At 30, I was finally in a loving relationship with my wonderful fiancée. I had 3 Chihuahuas instead of 2 human kids. I began my course to become a yoga instructor, and truly dedicated myself to the things that mattered to me – traveling, learning new languages, devoting myself to my lifelong passion of painting, and getting involved with volunteering for homeless animals.

Were you ever worried that it wouldn’t all fall into place?

Absolutely yes! And the older I get the more I realize that there is no place to fall – believing there is a “place” is a very immature point of view in my estimation.

You create your life moment by moment, worrying about where you may or may not be in the future does not improve your life today. Your present moment is the only moment that you are assured to live so LIVE it, engage in it, and be happier.

What is the greatest gift about being a woman in your 30’s?

Having the courage to make my life a reflection of who I am.

When you look out onto the horizon. What do you hope your life looks like at 40?

To be honest, I do not have a vision for 40. I do have one goal – I hope that I am leading a fulfilled life at 40.

What’s a quote/ saying you try to live your life by?

I couldn’t narrow it down to 1 quote I live by– so here are 5 quotes that encapsulate my philosophy of life…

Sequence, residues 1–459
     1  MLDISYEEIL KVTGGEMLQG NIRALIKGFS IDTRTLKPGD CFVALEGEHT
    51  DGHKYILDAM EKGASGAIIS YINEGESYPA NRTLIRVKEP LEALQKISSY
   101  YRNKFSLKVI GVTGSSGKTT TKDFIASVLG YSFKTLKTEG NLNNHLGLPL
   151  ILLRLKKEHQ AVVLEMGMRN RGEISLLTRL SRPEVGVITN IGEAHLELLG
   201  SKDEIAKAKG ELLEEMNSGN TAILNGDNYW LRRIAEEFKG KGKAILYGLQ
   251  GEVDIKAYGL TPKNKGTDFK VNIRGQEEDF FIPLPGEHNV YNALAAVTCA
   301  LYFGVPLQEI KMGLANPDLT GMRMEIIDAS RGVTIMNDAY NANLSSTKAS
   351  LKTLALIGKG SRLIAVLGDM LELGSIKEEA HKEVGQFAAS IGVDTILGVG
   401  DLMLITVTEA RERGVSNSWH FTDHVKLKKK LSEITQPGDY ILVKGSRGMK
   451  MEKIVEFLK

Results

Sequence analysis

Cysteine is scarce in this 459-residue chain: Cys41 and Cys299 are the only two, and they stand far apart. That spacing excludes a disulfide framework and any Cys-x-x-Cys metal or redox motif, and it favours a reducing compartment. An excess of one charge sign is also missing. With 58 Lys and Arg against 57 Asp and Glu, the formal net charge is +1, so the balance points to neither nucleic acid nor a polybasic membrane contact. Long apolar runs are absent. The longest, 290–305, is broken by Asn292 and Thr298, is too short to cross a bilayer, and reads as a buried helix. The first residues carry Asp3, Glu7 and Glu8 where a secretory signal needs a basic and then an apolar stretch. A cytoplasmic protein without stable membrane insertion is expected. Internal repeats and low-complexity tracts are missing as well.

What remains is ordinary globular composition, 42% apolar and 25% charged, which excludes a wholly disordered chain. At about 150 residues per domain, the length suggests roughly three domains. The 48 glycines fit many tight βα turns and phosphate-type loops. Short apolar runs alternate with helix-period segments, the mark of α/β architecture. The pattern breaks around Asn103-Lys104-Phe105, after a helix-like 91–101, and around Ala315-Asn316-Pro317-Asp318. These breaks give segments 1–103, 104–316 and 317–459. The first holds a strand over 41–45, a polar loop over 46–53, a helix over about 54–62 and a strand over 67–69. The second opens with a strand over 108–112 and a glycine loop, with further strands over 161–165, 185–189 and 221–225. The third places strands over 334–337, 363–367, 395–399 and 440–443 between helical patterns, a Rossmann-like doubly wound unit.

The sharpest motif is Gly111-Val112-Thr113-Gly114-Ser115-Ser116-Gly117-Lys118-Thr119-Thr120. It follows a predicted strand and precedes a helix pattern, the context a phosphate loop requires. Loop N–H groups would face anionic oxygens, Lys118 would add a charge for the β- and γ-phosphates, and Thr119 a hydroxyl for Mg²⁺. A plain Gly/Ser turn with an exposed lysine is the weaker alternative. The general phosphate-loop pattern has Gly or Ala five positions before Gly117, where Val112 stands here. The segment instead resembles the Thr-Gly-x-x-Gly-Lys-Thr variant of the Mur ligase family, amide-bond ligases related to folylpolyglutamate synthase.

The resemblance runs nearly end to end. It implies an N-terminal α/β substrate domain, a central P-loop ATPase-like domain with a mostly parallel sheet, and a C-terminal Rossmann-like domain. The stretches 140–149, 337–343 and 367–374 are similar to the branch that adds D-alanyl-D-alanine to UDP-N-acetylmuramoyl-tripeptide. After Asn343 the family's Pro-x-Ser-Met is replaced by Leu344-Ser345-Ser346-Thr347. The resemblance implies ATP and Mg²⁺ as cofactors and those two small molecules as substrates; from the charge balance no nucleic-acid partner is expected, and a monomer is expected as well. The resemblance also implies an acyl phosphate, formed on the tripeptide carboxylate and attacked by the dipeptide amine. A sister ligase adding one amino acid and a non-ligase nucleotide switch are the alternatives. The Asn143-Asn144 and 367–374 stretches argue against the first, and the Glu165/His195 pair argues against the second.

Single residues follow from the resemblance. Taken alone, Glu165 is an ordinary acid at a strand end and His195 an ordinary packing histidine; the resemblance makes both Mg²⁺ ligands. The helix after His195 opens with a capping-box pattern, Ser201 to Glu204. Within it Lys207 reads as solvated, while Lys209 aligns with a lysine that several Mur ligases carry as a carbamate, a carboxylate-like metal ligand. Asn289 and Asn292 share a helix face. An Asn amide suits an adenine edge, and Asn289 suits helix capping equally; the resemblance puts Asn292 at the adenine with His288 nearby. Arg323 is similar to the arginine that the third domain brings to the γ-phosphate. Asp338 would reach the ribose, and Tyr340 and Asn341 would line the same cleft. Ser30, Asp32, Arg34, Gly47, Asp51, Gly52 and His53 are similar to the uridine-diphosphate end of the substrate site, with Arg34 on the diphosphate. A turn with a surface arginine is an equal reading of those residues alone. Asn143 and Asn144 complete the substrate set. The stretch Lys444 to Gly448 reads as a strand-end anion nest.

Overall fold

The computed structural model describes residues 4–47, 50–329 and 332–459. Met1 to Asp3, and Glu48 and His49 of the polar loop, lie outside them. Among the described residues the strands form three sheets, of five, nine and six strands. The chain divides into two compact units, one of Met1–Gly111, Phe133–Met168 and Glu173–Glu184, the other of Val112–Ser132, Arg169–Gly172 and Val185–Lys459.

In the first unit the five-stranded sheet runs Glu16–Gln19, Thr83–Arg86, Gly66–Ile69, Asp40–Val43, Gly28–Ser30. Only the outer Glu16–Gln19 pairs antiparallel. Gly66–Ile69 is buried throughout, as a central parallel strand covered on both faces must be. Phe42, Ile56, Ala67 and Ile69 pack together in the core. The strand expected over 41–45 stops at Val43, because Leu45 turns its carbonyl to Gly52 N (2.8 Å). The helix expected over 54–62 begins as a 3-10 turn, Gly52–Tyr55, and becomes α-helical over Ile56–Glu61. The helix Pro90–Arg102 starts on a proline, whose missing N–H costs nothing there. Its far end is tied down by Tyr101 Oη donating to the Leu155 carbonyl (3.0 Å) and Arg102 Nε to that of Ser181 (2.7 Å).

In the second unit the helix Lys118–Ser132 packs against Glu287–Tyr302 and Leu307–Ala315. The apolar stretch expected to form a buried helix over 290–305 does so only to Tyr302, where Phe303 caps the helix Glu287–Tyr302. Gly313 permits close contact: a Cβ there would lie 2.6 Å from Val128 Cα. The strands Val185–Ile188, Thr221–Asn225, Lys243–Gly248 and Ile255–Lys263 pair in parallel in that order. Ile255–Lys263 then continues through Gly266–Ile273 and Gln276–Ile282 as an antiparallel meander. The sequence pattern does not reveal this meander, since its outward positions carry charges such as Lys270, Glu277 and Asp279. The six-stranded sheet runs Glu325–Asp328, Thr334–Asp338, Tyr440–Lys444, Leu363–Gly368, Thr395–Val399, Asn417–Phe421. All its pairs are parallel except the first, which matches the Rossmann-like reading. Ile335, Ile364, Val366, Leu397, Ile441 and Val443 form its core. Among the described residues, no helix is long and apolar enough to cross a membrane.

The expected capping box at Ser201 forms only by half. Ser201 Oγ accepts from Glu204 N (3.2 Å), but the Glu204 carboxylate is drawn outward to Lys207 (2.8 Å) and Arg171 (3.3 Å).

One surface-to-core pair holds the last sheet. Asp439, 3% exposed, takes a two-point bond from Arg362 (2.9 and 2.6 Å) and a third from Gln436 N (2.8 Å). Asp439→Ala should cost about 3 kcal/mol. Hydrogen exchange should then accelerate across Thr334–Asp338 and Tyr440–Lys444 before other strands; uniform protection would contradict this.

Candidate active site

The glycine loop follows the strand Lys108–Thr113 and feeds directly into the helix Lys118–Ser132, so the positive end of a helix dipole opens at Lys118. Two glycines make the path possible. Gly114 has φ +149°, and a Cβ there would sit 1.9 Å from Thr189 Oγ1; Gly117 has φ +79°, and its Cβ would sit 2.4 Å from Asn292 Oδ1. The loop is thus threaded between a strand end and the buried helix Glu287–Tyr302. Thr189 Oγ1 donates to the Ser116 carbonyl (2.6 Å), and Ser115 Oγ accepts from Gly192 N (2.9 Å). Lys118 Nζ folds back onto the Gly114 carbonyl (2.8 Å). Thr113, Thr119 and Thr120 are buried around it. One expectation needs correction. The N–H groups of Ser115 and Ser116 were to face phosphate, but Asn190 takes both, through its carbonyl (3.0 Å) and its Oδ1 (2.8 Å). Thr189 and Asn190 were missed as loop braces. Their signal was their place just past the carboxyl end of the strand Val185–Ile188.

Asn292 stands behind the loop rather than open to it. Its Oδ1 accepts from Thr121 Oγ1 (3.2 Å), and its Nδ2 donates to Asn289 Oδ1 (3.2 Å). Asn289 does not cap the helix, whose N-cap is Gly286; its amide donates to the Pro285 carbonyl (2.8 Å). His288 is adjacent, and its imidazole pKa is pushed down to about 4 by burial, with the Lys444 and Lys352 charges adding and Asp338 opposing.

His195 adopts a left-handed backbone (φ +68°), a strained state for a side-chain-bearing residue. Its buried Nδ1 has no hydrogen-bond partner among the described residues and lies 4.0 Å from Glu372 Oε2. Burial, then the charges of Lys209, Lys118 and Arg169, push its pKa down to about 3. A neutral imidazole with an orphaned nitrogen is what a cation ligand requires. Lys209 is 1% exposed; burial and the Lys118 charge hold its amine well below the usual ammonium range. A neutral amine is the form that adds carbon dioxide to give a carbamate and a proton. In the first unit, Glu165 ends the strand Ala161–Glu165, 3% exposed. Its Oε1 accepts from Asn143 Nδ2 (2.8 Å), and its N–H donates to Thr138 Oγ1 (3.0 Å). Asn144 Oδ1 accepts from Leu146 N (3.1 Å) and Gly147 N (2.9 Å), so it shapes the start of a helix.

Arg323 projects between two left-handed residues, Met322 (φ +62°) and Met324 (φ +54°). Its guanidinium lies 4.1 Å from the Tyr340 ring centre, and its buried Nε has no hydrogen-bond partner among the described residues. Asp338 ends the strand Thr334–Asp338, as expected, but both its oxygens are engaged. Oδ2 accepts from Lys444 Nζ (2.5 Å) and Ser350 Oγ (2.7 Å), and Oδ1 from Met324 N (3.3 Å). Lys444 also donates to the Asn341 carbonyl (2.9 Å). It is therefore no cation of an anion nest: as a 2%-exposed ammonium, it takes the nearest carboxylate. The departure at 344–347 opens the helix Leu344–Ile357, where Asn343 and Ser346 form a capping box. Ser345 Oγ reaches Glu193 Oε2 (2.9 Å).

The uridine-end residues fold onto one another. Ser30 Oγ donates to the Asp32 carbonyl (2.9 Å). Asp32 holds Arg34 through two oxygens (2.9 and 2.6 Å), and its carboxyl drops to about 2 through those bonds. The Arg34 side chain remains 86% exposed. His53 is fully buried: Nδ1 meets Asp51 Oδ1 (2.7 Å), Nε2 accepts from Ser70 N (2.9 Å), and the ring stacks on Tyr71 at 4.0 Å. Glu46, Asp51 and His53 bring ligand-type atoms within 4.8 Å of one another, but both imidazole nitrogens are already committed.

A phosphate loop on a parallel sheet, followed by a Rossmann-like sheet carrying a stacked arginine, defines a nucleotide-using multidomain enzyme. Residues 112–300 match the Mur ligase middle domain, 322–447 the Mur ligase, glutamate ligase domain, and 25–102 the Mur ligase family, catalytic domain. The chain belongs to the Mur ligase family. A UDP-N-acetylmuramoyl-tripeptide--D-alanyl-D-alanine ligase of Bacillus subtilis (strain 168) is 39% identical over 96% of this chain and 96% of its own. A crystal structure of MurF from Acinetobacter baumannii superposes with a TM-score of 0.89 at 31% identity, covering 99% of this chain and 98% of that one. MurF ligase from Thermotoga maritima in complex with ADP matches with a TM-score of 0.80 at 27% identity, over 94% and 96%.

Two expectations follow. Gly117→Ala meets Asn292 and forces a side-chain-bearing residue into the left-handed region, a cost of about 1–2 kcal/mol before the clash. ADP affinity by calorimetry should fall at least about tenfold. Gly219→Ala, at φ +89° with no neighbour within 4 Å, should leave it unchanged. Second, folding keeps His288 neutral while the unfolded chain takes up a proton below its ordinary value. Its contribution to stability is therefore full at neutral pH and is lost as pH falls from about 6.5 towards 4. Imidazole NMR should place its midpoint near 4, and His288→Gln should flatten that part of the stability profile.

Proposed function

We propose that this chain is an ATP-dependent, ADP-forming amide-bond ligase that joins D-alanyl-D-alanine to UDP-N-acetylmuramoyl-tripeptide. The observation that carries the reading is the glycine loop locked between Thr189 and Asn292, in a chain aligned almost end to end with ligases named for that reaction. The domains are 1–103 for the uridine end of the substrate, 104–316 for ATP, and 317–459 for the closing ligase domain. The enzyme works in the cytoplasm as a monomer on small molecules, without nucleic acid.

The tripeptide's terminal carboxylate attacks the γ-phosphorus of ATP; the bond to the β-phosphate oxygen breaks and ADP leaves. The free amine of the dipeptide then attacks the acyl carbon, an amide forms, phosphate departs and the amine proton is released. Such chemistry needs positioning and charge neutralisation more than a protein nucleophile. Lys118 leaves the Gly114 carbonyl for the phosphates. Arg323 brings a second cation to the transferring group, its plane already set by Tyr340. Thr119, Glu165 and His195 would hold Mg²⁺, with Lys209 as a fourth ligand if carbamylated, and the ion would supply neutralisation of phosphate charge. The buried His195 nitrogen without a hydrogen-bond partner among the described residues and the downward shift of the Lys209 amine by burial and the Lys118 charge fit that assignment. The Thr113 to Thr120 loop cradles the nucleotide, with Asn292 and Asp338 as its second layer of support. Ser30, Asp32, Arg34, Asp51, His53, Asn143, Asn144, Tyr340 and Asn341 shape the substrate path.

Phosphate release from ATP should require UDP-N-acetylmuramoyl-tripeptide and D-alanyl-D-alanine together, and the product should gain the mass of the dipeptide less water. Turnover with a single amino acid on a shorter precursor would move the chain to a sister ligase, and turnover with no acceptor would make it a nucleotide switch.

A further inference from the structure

“The question isn’t who is going to let me; it’s who is going to stop me?” – Howard Roark, The Fountainhead by Ayn Rand.

“A man who dares to waste one hour of life has not discovered the value of life.” – Charles Darwin

“The most beautiful thing we can experience is the mysterious. It is the source of all true art and all science. He to whom this emotion is a stranger, who can no longer pause to wonder and stand rapt in awe, is as good as dead: his eyes are closed.” – Albert Einstein

“Necessity is not an established fact, but an interpretation.” – Friedrich Nietzsche

“Until one has loved an animal, a part of one’s soul remains unawakened.” – Anatole France.

 

 

109

21 Mar

ROAD TRIP

{photo by One Part Gypsy}

I had no idea that simply planning this across-the-country road trip would be so much fun! Rachel and I are both equally obsessed with every little detail, taking great pride in finding the perfect hotel, restaurant and activity in each city we stop. It’s definitely been a process reaching out to local businesses across the US but we have been over-whelmed  by the support we have received from each city- people are so welcoming!  It’s making me even more excited (if that’s possible) to get on the road and connect with people and learn about the history of each city.

This process has reaffirmed my belief in manifesting my dreams, because this 365 til 30 goal is manifesting in a huge, exciting way and I am very thankful for it all!